In 1890, there were two well-known baseball leagues in America, the National League and the Players’ League. While the National League still exists today as part of Major League Baseball, it was actually the Players’ League that drew bigger crowds and boasted bigger superstars. Strangely, both leagues had teams in New York called the Giants.
The Players’ League was formed out of protest, when several members of baseball’s first player’s union (Brotherhood of Professional Base-Ball Players) withdrew from the National League. Unfortunately, lack of financial support and lack of competent leadership caused the league to fold after only one season. While the New York Giants finished in third place during the league’s only season, the team had some of the best players in the history of baseball, including four players who eventually made it to the Hall of Fame:
Roger Connor (first baseman). Conner, who is most famous for being the first major league player to hit a grand slam, was the pre-eminent power-hitter of his era. During his 18-year pro career, he amassed 1322 RBI, 233 triples (which ranks fifth all-time), 441 doubles, 244 stolen bases, and 138 home runs. Connor was a prolific home run hitter in an era when home runs were scarce. In fact, upon his retirement, his career home run record stood for over two decades, until it was surpassed by Babe Ruth in 1921.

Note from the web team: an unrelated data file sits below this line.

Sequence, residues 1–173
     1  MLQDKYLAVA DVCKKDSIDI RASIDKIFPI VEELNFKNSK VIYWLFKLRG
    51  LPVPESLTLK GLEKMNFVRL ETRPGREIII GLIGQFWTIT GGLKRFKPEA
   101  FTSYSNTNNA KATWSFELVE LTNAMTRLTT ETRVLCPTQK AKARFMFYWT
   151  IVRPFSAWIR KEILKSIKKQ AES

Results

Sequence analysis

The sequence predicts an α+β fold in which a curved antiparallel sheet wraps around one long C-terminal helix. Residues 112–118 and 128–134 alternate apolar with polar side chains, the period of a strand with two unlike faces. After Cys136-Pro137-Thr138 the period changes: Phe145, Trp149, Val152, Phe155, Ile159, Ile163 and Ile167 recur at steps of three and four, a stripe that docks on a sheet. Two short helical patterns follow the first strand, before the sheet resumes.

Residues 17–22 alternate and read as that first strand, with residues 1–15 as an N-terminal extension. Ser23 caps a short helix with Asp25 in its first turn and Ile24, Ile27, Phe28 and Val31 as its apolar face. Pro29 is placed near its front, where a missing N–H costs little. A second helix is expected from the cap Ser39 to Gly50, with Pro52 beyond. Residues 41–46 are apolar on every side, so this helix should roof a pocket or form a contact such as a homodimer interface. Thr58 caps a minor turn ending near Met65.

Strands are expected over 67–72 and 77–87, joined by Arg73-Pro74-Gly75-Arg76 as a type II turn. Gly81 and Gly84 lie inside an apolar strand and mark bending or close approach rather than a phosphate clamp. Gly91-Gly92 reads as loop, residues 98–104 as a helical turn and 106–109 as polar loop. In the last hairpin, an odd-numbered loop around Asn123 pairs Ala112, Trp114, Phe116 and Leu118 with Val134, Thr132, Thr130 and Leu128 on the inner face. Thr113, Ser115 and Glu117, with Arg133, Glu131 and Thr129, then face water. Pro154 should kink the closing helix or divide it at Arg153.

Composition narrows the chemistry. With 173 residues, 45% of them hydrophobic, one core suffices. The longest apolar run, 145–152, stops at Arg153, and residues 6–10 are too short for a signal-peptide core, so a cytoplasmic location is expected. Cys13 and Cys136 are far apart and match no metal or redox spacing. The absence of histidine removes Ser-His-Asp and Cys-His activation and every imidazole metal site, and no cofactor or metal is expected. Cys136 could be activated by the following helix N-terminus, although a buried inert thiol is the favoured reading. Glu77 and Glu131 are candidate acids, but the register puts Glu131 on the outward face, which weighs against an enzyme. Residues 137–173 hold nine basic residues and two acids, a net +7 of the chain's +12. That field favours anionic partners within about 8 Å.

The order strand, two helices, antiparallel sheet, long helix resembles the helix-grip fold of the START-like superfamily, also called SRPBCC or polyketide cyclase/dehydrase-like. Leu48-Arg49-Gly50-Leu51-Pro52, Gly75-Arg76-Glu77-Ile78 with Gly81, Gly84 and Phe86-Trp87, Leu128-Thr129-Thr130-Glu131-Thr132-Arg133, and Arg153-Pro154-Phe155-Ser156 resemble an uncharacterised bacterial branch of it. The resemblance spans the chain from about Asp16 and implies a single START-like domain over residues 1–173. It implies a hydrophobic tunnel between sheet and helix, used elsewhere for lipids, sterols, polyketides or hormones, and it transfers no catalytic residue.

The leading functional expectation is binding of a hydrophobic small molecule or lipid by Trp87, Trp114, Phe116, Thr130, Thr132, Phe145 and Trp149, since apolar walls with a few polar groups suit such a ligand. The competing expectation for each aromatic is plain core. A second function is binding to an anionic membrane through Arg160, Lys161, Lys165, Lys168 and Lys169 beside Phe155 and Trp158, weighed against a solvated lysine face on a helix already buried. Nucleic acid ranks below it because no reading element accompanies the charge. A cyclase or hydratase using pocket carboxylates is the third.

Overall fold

Buck Ewing (catcher). Ewing, the first player to hit 10 or more home runs in a season, was the best catcher inducted into the Hall of Fame. He finished his career with 1129 runs, 250 doubles and 178 triples, along with 354 stolen bases a .303 batting average.
Tim Keefe (pitcher). As a rookie pitcher in 1880 with the Troy Trojans, Keefe finished the season with an ERA of 0.86, which is a single-season record which still stands. By the time he played with the Giants, Keefe was an established superstar. He retired a few seasons later after a stint with the Philadelphia Phillies, compiling an impressive lifetime record of 342-225, with 2562 strikeouts and an ERA of 2.62. Keefe still ranks ninth in all-time pitching wins, and 27th in strikeouts.
Jim O’Rourke (outfielder). “Orator Jim’, as he was known, was a feared hitter and a powerful thrower (it was said that he could throw a baseball 365 feet with ease). He retired from the game in 1904, with 2643 hits (73rd all-time), 465 doubles, 151 triples (49th all-time), and a batting average of .311.
In 1968, baseball commissioner William Eckert ruled that the Players’ League was a “major league”, thus making the above-mentioned players eligible for the Hall of Fame.
(Sources: Baseball-Reference.com, MLB.com)